# Finding the range of a function without using inverse

So I'm fairly close to beginner level in calculus and have usually used the inverse of a function to find its range however I'm not sure what to do when dealing with this particular function. $$h(t) = \frac{t}{\sqrt{2-t}}$$ I found the domain to be $(-\infty, 2)$ but when I attempt to use the inverse to find the range, it ends up a mess because of the different powers of t. $$y = \frac{t}{\sqrt{2-t}}$$ $$\Rightarrow t = \frac{y}{\sqrt{2-y}}$$ $$\Rightarrow t^2 = \frac{y^2}{2-y}$$ $$\Rightarrow t^2(2-y) = y^2$$ $$\Rightarrow 2t^2-t^2y = y^2$$...

Maybe it's because I'm a beginner but I'm unsure where to go from here. Sorry if it's a really basic/easy question but I'd really like to learn how to deal with these types of questions. Any help would be appreciated!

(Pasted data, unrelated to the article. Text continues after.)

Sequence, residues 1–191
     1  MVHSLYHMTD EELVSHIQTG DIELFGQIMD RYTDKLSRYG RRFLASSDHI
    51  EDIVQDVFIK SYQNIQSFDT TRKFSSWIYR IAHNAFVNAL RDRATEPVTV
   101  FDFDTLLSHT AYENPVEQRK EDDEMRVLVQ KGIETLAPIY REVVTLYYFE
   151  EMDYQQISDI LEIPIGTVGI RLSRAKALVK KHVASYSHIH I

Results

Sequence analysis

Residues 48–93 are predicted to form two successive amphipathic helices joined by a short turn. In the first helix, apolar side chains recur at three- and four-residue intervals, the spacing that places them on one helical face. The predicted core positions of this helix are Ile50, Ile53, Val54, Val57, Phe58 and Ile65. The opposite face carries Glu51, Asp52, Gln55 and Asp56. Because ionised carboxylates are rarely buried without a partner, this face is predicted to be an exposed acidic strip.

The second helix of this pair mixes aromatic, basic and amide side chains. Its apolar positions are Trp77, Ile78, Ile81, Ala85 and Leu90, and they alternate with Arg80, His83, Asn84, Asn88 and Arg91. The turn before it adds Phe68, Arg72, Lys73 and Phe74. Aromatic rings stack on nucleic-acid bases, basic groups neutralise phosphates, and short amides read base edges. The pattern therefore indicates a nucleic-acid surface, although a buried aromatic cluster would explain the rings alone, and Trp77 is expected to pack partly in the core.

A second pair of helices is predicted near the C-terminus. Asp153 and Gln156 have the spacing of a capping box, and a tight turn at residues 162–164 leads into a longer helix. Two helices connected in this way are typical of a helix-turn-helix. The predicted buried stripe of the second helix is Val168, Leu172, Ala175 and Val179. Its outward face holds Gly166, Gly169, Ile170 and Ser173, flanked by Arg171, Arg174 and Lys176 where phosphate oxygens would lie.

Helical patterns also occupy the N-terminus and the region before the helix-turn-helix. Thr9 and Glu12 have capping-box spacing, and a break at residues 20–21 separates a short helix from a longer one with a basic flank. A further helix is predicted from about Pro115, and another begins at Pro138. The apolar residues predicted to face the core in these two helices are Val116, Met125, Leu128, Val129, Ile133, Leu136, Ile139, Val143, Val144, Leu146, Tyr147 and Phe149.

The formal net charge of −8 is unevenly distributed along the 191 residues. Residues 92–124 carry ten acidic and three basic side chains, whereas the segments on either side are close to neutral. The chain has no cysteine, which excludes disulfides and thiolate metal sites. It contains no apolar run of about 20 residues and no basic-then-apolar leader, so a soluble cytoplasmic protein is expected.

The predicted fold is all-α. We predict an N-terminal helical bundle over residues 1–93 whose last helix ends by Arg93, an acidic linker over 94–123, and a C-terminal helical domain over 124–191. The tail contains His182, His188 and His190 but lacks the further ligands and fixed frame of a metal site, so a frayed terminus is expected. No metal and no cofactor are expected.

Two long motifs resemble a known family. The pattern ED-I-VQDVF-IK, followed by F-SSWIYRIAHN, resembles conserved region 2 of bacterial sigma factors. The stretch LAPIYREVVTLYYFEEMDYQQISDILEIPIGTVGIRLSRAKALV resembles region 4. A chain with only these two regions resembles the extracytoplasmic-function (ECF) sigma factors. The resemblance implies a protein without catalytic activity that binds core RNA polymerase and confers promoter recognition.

• If you write it as $y^2+t^2y-2t^2=0$, you have the quadratic equation, with $a=1$, $b=t^2$, and $c=-2t^2$. However, you have to be careful about squaring both sides, especially when you're trying to find possible values like this. Only invertible transformations are guaranteed to preserve solution sets. Aug 22 '18 at 22:43

We have that $h(t)$ is a continuos function defined for $t<2$ and

$$\lim_{t \to -\infty} h(t)=-\infty$$

$$\lim_{t \to 2^-} h(t)=\infty$$

therefore by IVT the range is $\mathbb{R}$.

Morover we have

$$h'(t)=\frac{4-t}{2\sqrt{(2-t)^3}}>0$$

therefore $h(t)$ is also injective and the inverse exists from $\mathbb{R}\to (-\infty,2)$.

In fact, you don’t need to find $h$ inverse to find $h$ range. $h$ is a continuous map defined on $(-\infty ,2)$. Moreover, you have

$\lim\limits_{t \to 2^-} h(t)= \infty$ and $\lim\limits_{t \to -\infty} h(t)= -\infty$. Therefore the range of $h$ is whole $\mathbb R$ using the Intermediate Value Theorem.

• I like this answer, as it shows that you don't need inverses to answer such questions! Lots of functions don't have inverses. Aug 22 '18 at 19:20